Wreck-It Ralph
I know, I know. You don’t like animated features; you think they’re for kids. And furthermore, the 3-D is kind of a pain, too, because you have to remember these “special” plastic glasses and if you are already wearing glasses, they don’t fit well, and you are going to suffer some visual distortion and random light reflection. Not only that, a G or even PG-rated film is too often….well, bland and shallow, failing to plumb the depths of genuine human experience. And Disney is going to give you a happy ending, regardless, and you may even have to endure some hokey-ness and silliness to get there.
Admittedly, “Wreck-It Ralph” doesn’t solve all these pre-emptive obstacles. However, if you decide to give this one a try, you might find yourself immersed in its particular tableau, and starting to care about the cartoon characters despite yourself.
Wreck-It Ralph (the voice of John C. Reilly) is the bad guy in a video game. His function is to destroy the high-rise building with his oversize hands and hulk-like strength, and then the good guy comes along, Fix-It Felix (the voice of Jack McBrayer). And the game-player gets points for everything that Felix fixes. But after years of this steady diet of being the bad guy, suddenly Wreck-It Ralph develops a conscience, and starts to not enjoy all the havoc he’s creating, not to mention being ostracized by the others. (Yes, a la “Toy Story,” all the video game characters come to life when the humans aren’t around.) So he runs away to a nearby video game (exiting through the electrical connectors) to try to prove himself a good guy by winning a medal somewhere.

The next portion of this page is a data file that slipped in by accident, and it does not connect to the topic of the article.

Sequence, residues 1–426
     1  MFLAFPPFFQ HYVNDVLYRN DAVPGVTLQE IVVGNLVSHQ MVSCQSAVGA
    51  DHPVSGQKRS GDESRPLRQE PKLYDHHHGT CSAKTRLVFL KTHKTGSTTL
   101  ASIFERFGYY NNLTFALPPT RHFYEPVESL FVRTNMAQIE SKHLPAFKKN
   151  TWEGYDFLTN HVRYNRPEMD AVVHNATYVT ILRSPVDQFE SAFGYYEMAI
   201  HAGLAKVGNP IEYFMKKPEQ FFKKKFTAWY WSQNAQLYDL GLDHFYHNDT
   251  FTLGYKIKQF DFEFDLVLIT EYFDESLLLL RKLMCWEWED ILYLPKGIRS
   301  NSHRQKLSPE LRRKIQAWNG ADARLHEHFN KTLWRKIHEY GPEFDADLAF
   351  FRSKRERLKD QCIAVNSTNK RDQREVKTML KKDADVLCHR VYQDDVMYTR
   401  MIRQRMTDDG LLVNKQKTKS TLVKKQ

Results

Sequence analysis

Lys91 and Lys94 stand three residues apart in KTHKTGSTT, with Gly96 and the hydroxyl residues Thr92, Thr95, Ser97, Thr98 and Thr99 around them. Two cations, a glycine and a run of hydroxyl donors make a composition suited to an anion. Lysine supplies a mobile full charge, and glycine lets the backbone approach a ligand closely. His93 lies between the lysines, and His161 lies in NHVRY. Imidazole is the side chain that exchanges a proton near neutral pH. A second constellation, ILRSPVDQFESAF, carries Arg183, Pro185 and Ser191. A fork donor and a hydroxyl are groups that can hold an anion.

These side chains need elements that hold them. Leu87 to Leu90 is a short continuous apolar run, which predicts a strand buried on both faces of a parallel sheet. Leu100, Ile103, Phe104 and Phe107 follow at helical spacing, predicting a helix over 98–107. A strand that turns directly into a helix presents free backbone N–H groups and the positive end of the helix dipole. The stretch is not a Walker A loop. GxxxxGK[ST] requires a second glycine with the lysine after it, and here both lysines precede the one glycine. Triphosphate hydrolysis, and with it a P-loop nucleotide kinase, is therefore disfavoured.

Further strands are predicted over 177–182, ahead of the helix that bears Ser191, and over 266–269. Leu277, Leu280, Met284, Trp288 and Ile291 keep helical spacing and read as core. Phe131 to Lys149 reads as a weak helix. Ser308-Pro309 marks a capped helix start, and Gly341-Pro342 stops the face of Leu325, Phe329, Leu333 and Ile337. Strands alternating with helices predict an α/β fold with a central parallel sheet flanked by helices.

Wreck-It Ralph finds himself in a video game involving little girls in racing cars, and soon meets Vanellope (the voice of comedian Sarah Silverman), who’s threatened with extinction because she’s now a “glitz” and keeps blinking on and off. She, too, is trying to redeem herself, and the two of them become unlikely friends and allies, but of course, that’s part of the point: friendship can come from unlikely places.
What’s interesting here is that it is possible for the Christian moviegoer to begin to consider this scenario theologically. The main characters, like humans, are flawed, and sometimes naughty, and sometimes lazy, and sometimes antisocial, and sometimes their own worst enemies. But they also have the potential to help each other bring out the best in their natures. By contrast, they have to fight evil in two different forms: the characters around them who turn to their dark side, and are bent on control and violence, and also “the powers of the air” (Ephesians 2:2), or evil as a cosmological force, represented here by unexplained viruses that are out to bring chaos to whatever order they encounter. And, of course, love can transform the entire landscape.
Did this supposed kids’ movie intend all that philosophical depth? Probably not. And least not consciously. But it’s intriguing to look at it that way, anyway. And it’s not a bad movie, either.
Dr. Ronald P. Salfen, Minister, St. Stephen’s Presbyterian Church, Irving, Texas